2019 Volume 13 Issue 2 Pages 101-107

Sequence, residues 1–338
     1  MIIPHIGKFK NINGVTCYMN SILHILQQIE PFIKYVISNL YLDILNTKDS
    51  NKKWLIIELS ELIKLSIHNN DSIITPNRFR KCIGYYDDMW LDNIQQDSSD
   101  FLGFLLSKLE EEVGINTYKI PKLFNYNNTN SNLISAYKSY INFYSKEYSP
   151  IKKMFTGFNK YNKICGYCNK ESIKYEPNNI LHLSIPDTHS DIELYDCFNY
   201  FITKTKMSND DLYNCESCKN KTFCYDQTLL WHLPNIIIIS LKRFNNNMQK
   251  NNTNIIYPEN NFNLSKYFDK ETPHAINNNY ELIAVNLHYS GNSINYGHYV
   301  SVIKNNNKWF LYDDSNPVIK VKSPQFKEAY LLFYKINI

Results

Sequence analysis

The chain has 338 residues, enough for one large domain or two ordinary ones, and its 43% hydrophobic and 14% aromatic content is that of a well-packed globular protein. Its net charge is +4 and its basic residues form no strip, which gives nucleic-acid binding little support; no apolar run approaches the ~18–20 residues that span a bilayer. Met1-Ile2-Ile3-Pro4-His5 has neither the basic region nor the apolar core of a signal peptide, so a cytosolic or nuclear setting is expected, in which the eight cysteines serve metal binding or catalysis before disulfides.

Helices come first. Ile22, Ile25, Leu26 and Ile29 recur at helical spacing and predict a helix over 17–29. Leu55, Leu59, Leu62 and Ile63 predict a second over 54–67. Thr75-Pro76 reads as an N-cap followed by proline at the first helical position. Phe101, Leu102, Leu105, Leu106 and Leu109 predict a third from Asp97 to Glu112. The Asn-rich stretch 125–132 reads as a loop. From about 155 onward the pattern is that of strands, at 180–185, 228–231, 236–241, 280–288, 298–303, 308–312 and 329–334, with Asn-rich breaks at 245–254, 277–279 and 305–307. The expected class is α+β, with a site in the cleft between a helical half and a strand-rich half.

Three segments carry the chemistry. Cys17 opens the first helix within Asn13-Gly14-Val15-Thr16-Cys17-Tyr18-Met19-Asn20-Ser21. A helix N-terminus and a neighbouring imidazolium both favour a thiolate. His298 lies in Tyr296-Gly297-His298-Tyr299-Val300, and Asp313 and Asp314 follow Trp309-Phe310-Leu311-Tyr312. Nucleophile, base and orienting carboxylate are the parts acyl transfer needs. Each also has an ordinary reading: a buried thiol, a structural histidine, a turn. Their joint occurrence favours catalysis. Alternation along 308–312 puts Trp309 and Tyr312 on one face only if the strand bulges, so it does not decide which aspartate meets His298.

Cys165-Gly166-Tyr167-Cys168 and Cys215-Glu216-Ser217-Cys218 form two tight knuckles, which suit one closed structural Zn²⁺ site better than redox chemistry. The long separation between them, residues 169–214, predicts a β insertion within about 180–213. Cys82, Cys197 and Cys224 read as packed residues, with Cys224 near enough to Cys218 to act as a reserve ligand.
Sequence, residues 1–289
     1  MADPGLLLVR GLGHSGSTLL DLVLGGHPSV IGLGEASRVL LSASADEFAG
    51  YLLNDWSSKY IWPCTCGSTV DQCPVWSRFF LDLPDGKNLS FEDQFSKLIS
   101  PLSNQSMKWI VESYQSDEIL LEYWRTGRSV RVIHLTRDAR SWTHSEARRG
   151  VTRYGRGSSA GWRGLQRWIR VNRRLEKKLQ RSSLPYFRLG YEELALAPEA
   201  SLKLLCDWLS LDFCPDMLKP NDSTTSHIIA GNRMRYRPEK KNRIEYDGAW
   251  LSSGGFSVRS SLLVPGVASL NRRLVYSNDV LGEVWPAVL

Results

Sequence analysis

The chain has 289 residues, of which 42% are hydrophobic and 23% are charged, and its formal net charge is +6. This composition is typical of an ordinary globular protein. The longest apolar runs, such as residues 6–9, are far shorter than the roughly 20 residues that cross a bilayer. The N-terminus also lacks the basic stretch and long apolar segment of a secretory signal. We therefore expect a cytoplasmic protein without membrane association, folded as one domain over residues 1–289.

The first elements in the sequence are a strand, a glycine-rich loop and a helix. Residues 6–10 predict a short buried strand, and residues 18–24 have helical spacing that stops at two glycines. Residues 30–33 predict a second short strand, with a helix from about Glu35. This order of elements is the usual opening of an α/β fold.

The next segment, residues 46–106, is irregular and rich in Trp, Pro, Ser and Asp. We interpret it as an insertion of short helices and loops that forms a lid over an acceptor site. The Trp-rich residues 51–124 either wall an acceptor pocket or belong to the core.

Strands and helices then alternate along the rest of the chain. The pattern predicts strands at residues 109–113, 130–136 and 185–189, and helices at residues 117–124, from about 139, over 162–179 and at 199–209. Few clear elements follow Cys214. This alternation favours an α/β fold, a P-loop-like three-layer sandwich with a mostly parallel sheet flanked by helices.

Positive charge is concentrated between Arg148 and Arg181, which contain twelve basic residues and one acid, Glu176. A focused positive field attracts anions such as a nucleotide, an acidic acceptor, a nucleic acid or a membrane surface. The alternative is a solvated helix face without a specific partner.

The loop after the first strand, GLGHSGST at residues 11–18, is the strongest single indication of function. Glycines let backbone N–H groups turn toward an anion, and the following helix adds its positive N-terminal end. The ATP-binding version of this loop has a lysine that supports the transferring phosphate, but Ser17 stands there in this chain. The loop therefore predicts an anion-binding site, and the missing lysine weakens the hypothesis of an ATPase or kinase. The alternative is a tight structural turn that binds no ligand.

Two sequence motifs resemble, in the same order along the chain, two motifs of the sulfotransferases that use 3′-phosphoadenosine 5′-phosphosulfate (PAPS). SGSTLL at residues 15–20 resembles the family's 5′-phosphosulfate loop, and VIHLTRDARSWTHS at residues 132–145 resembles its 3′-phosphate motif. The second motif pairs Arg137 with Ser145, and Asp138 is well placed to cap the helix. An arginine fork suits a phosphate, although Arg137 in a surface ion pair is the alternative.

Acute febrile illness (AFI) is one of the commonest indications for hospitalization and can present with varying severity including single or multiple organ dysfunction syndrome (MODS). During monsoon season, there is a spurt of AFI often caused by vector borne diseases leading to substantial morbidity and mortality. Our aim was to determine distribution of etiological causes, differential organ involvement and predictors of mortality in critically ill patients with AFI. It was a hospital based observational study which included patients with AFI with dysfunction of at least one organ system. The study was conducted over 4 months during monsoon season. Admitted patients were included who had been subjected to a standard battery of tests and managed with standard hospital based management protocol. 145 patients were included and etiology of fever was ascertained in 81.4% of patients with the most common single infection being chikungunya (20.7%) followed by dengue (20%) fever. Thrombocytopenia and deranged liver biochemistry each were seen in nearly 75% of the patients. Renal (50.3%) and nervous system (46.2%) dysfunction were the predominant organ failures. 49 patients died (33.8%) which correlated with predicted mortality by APACHE (acute physiological assessment and chronic health evaluation) II score. Independent predictors for mortality were older age (> 55 years) (p = 0.01), acidemia (p = 0.01), altered sensorium (p = 0.02) and coagulopathy (p = 0.048). Sub-group analysis revealed that amongst patients with MODS, hypotension could help differentiate between bacterial and non-bacterial causes (p = 0.01). Critically ill patients with AFI suffer from significant morbidity and mortality. Features like the presence of hypotension in MODS may differentiate between a bacterial cause vis-à-vis viral or protozoal etiology.